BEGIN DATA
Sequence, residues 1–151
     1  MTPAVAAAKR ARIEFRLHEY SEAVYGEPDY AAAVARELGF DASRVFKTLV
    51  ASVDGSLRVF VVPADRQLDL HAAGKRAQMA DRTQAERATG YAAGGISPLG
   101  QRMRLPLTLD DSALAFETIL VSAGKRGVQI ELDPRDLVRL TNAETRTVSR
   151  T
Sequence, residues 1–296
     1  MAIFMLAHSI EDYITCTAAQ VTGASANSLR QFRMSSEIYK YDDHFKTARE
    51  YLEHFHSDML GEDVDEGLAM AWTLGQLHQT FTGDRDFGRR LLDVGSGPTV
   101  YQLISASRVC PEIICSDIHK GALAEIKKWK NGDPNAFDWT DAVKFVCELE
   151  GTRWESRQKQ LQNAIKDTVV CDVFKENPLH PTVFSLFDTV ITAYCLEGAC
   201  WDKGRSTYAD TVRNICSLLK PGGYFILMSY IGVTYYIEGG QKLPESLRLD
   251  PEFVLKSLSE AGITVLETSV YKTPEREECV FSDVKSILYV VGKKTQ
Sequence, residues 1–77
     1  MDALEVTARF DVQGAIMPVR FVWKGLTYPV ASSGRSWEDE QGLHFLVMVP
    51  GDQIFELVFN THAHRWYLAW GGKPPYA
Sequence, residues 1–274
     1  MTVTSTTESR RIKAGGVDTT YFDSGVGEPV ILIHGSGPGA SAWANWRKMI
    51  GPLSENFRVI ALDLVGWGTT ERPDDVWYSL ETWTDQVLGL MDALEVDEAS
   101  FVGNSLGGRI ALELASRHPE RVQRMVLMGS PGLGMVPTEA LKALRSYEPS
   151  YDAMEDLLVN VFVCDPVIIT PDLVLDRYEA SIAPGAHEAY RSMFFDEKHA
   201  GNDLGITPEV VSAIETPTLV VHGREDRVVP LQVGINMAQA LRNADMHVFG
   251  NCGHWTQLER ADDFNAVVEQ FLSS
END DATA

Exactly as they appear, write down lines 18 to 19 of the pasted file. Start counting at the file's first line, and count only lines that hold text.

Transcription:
    51  GPLSENFRVI ALDLVGWGTT ERPDDVWYSL ETWTDQVLGL MDALEVDEAS
   101  FVGNSLGGRI ALELASRHPE RVQRMVLMGS PGLGMVPTEA LKALRSYEPS